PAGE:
• 1639 Words
    • 7 Pages
    Great Essays
  • Great Essays

    Women are Powerful The Harlem Renaissance was a ground breaking time period full of artistic development in literature, fine arts, theatre, and music. The African Americans in the United States grew in popularity but still many civil rights problems were still occurring. Many great people from all around gathered and made a difference in the United States and fought for what they believed in. Times started to change and the African American population knew that they had to take a stand. They were able to do that in their poems, art, or songs that they created.…

    • 1567 Words
    • 7 Pages
    Great Essays
  • Improved Essays

    The Harlem Renaissance was a time when the African American community flourished. It was a time of great discovery, mostly in the arts. Many wonderful African American poets, authors, musicians, and artists emerged during this period and are still highly regarded to this day. Those that rose up created a voice for the African American community, and paved the path for others to join them. The explosion of cultural pride during the Harlem Renaissance led to social change for African American rights and pride all throughout America from powerful and compelling musicians, artists, and writers.…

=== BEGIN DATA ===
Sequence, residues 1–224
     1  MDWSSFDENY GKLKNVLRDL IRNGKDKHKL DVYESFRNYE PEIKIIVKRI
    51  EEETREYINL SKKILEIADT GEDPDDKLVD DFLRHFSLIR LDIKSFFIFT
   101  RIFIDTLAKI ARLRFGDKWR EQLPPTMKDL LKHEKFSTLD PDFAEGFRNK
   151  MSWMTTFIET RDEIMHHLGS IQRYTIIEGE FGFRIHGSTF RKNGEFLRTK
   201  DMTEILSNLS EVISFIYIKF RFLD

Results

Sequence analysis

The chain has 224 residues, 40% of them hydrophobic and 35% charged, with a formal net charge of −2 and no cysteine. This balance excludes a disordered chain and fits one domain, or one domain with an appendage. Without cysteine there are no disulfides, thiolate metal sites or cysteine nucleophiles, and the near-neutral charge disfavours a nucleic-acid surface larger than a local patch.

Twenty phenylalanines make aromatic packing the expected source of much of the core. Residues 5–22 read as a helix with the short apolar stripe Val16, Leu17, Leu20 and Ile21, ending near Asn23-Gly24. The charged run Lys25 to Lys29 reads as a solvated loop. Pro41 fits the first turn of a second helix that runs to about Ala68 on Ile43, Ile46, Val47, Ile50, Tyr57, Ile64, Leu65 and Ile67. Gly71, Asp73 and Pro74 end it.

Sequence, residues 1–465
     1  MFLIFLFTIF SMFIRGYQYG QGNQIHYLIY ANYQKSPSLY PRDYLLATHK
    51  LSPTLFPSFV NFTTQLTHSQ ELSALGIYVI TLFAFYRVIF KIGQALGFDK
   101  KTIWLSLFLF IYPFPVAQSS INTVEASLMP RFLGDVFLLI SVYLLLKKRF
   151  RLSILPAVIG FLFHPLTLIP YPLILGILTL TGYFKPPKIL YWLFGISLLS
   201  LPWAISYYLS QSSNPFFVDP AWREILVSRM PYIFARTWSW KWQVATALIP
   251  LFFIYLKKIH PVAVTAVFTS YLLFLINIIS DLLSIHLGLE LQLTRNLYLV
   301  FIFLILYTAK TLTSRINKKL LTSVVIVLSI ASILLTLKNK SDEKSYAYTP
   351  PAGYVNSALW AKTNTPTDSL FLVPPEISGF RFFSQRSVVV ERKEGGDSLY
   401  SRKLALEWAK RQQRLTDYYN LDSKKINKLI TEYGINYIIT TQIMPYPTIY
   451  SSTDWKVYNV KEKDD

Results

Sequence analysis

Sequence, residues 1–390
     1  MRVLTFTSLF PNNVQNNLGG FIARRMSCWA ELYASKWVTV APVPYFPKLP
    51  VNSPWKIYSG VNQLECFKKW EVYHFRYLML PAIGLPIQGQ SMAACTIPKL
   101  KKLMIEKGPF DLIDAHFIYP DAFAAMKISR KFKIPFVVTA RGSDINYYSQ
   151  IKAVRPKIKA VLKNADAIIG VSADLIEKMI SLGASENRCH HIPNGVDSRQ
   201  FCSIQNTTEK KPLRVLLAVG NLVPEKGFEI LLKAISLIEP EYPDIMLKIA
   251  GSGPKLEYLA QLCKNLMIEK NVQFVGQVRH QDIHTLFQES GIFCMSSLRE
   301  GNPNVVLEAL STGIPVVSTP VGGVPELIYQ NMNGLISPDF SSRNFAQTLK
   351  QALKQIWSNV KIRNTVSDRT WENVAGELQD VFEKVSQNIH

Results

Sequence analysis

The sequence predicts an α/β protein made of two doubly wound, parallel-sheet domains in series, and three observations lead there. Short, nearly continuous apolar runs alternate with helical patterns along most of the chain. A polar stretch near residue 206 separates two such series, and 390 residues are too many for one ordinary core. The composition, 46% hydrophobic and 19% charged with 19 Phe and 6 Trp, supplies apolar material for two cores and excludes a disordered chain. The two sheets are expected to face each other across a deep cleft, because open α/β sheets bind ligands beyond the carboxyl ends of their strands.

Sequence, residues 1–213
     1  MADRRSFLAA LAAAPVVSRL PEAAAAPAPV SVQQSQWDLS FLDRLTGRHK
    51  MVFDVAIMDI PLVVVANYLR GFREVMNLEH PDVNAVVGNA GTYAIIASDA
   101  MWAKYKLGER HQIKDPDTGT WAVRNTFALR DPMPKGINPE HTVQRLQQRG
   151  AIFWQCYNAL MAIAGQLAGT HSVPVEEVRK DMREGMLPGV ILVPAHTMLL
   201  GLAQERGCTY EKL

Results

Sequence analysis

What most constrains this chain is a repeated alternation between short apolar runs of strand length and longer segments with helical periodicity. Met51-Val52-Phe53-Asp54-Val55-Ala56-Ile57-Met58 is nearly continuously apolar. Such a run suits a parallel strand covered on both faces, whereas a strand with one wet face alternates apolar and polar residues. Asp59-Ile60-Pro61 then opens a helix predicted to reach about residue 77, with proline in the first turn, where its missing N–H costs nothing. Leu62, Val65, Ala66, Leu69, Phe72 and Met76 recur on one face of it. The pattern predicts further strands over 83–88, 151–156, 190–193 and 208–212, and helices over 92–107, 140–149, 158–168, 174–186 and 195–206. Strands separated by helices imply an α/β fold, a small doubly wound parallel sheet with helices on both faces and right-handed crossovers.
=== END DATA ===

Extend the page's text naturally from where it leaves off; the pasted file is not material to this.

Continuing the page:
• 877 Words
    • 4 Pages
    Improved Essays
  • Improved Essays

    The Harlem Renaissance

    • 1482 Words
    • 6 Pages

    The Harlem Renaissance was a movement of social and artistic advancement that defined an era for African-Americans, not only in the United States, but around the world. The movement also laid the foundations for an entirely different future for African-Americans living in the United States. However, this racial progress would not have been possible without the imaginative genius that grew from writers, poets, and playwrights within the African-American communities. Among these historic figures was the “O. Henry of Harlem” (New York Times, 1967), Langston Hughes, accomplished poet, novelist, playwright, essayist and an all-around artistic master.…

    • 1482 Words
    • 6 Pages
    Improved Essays
  • Superior Essays

    The Harlem Renaissance represented the birth of a new beginning of freedom and identity for the black artists. Following the Great Migration, blacks began to form black communities and the level of confidence in themselves and their culture. Blacks became active, known and self-assertive. Through the arts, the idea of a new type of proud, self-accepting Negro was constantly expressed. This is revealed in Zora Neale Hurston’s writing, because she uses Southern vernacular as well as Harlem slang, to the disdain of other African American authors.…

    • 1088 Words
    • 5 Pages
    Superior Essays